Partly due to the government’s own overblown rhetoric about a carbon price being the “most significant economic and structural reform undertaken in Australia since the trade liberalisation of the 1980s”, there is a pervading belief that industry in Australia is about to receive a massive economic shock from the carbon tax.
Ultimately for a carbon tax or carbon price to be environmentally meaningful it will have to almost entirely transform our energy supply. But the government has no intention of doing this within the next decade or two.
Current expectations about the level of the carbon price suggest its impacts on industry, other than electricity generation, will be mild once one also takes into account the allocation of a large proportion of permits for free to trade-exposed and emissions intensive industry.
Back in 2008 as part of the Government’s planning around a carbon trading scheme, The University of Sydney was commissioned to analyse the carbon emissions intensity of each broad industry sector in Australia. This study determined the amount of carbon dioxide equivalent that was emitted by each industry sector both directly and through its consumption of electricity per million dollars of revenue generated.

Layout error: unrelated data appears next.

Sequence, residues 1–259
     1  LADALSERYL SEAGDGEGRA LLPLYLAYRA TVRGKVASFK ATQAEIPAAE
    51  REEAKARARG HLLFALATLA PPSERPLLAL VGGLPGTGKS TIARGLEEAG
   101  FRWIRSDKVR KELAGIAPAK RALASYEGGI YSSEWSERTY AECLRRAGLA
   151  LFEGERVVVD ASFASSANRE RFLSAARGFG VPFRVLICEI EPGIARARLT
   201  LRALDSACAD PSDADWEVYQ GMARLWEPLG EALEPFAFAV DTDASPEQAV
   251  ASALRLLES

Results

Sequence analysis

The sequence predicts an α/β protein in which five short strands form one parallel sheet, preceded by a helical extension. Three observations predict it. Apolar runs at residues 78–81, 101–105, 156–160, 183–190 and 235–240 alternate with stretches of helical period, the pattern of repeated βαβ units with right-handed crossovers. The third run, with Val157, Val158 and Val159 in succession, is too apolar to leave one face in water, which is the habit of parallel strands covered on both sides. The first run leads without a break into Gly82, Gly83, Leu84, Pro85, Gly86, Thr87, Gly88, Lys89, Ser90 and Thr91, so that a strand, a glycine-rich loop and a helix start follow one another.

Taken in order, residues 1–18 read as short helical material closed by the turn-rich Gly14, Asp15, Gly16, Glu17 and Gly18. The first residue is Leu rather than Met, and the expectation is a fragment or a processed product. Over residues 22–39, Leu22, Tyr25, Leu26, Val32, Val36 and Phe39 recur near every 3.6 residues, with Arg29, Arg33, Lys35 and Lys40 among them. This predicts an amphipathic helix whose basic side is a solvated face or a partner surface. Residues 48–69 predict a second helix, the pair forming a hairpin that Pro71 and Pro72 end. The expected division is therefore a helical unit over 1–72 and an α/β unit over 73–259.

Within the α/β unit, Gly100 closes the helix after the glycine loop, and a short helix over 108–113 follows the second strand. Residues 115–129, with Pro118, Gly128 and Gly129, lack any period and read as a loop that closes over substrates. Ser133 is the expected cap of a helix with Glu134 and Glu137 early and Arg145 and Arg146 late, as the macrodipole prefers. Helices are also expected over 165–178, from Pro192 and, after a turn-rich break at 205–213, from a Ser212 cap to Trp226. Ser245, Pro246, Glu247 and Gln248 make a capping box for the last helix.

While this data is highly aggregated and based on statistical information from some time ago, it provides a rough first-cut assessment of the relative significance of the carbon price to an industry’s overall competitiveness and cost structure.
To get a more precise understanding of the carbon price impact one needs to go down to a product by product breakdown which tends to reveal some production plants that are quite significantly exposed but have been hidden by averaging across the value chain. This data will also overstate impacts for some industries that use transport fuel which will be excluded from the carbon price, at least initially.
Of course some industries will have a capacity to pass through the additional cost of the carbon price because they do not face overseas competition. For example a large proportion of small businesses, and businesses in construction, services and retail sectors are in such a position because all their competitors face the same carbon tax.
Another added complication is a number of the industries for which a carbon price is a significant cost and are exposed to overseas competition, such as Aluminium and Cement production, will receive a large proportion of the permits for free – as much as 94.5%.
Impact of $23/tCO2 carbon price as proportion of industry revenue
Carbon tax special report – everything you need to know for July 1...